Distribution of Power Output During Cycling
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- Atkinson, G., Peacock, O., St Clair Gibson, A. et al. Sports Med (2007) 37: 647. doi:10.2165/00007256-200737080-00001
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We aim to summarise the impact and mechanisms of work-rate pacing during individual cycling time trials (TTs). Unlike time-to-exhaustion tests, a TT provides an externally valid model for examining how an initial work rate is chosen and maintained by an athlete during self-selected exercise.
The selection and distribution of work rate is one of many factors that influence cycling speed. Mathematical models are available to predict the impact of factors such as gradient and wind velocity on cycling speed, but only a few researchers have examined the inter-relationships between these factors and work-rate distribution within a TT.
When environmental conditions are relatively stable (e.g. in a velodrome) and the TT is >10 minutes, then an even distribution of work rate is optimal. For a shorter TT (≤10 minutes), work rate should be increased during the starting effort because this proportion of total race time is significant. For a very short TT (≤2 minutes), the starting effort should be maximal, since the time saved during the starting phase is predicted to outweight any time lost during the final metres because of fatigue. A similar ‘time-saving’ rationale underpins the advice that work rate should vary in parallel with any changes in gradient or wind speed during a road TT. Increasing work rate in headwind and uphill sections, and vice versa, decreases the variability in speed and, therefore, the total race time.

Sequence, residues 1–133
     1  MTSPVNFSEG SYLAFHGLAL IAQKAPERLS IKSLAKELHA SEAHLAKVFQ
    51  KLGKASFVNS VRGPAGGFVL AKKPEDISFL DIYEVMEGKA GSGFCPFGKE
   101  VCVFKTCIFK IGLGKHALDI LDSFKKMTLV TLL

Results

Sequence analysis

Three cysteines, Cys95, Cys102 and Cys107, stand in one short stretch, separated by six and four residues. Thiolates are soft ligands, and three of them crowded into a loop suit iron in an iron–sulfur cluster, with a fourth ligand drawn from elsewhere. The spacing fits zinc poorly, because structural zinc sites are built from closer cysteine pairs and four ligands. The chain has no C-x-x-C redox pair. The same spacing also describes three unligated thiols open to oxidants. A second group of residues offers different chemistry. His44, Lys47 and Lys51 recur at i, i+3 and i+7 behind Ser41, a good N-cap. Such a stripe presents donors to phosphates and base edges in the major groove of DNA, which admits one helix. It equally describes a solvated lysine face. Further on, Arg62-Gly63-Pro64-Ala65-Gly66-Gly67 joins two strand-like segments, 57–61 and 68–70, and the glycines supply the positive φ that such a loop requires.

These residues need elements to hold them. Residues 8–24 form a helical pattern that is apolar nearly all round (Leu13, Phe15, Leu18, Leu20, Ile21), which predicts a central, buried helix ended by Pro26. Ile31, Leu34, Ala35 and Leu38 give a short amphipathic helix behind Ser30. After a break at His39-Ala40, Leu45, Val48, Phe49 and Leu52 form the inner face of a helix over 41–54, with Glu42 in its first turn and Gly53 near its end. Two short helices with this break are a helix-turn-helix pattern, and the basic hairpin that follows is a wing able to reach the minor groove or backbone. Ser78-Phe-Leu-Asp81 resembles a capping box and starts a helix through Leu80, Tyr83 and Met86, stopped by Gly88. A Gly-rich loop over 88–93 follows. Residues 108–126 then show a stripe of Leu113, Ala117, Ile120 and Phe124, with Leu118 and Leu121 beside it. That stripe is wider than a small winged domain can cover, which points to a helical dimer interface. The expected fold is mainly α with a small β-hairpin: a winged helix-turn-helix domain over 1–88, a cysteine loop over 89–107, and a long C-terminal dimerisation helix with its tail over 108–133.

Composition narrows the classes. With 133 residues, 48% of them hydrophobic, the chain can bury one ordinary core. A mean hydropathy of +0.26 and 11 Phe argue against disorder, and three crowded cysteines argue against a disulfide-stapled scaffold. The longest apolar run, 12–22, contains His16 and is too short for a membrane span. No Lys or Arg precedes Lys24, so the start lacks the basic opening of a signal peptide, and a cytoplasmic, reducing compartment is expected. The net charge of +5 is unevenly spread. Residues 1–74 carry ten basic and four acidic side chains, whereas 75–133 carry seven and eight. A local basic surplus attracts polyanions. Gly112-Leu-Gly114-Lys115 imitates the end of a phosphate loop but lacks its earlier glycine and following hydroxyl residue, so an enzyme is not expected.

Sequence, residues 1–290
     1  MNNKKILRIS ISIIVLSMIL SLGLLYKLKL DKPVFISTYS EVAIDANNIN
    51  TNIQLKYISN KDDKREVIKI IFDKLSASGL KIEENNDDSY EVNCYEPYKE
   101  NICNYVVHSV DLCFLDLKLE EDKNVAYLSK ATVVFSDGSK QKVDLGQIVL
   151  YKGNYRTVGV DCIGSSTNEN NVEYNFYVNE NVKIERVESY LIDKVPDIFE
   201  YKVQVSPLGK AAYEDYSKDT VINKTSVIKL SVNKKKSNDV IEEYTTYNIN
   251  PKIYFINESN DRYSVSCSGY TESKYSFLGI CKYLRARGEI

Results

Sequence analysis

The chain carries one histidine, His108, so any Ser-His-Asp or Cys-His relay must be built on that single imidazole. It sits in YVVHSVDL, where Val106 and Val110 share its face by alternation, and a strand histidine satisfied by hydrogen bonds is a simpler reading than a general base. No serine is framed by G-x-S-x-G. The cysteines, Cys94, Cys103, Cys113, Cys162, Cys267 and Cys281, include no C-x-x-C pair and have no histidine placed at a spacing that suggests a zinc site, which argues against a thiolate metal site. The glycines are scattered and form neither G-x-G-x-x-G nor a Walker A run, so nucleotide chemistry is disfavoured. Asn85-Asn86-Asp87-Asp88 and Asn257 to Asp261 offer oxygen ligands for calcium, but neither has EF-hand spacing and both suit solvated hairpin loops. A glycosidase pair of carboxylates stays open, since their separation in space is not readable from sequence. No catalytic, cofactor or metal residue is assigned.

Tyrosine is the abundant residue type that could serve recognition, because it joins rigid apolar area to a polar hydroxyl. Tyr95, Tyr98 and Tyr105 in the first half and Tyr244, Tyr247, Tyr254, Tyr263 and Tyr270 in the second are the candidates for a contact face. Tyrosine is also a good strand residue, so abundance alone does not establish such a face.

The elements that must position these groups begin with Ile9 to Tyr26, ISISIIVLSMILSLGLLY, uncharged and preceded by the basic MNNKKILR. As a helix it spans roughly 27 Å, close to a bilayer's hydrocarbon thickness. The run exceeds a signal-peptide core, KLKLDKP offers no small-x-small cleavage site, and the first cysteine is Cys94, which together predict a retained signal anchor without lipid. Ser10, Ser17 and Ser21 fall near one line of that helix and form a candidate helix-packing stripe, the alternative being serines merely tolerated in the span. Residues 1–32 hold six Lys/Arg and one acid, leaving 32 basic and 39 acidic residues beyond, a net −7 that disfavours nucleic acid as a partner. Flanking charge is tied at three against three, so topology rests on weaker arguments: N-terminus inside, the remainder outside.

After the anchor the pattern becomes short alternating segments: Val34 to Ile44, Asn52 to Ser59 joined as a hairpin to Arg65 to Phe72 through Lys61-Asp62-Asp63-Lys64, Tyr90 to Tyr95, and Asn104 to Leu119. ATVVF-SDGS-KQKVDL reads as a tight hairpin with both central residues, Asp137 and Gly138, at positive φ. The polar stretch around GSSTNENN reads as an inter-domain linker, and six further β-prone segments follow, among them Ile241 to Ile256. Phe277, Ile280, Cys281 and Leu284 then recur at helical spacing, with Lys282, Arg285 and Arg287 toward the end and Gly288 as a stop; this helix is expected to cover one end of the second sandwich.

It seems that even experienced cyclists naturally select a supraoptimal work rate at the start of a longer TT. Whether such a start can be blunted through coaching or the monitoring of psychophysiological variables is unknown. Similarly, the extent to which cyclists can vary and monitor work rate during a TT is unclear. There is evidence that sub-elite cyclists can vary work rate by ±5% the average for a TT lasting 25–60 minutes, but such variability might be difficult with high-performance cyclists whose average work rate during a TT is already extremely high (>350 watts).
During a TT, pacing strategy is regulated in a complex anticipatory system that monitors afferent feedback from various physiological systems, and then regulates the work rate so that potentially limiting changes do not occur before the endpoint of exercise is reached. It is critical that the endpoint of exercise is known by the cyclist so that adjustments to exercise work rate can be made within the context of an estimated finish time. Pacing strategies are thus the consequence of complex regulation and serve a dual role: they are both the result of homeostatic regulation by the brain, as well as being the means by which such regulation is achieved.
The pacing strategy ‘algorithm’ is sited in the brain and would need afferent input from interoceptors, such as heart rate and respiratory rate, as well as exteroceptors providing information on local environmental conditions. Such inputs have been shown to induce activity in the thalamus, hypothalamus and the parietal somatosensory cortex. Knowledge of time, modulated by the cerebellum, basal ganglia and primary somatosensory cortex, would also input to the pacing algorithm as would information stored in memory about previous similar exercise bouts. How all this information is assimilated by the different regions of the brain is not known at present.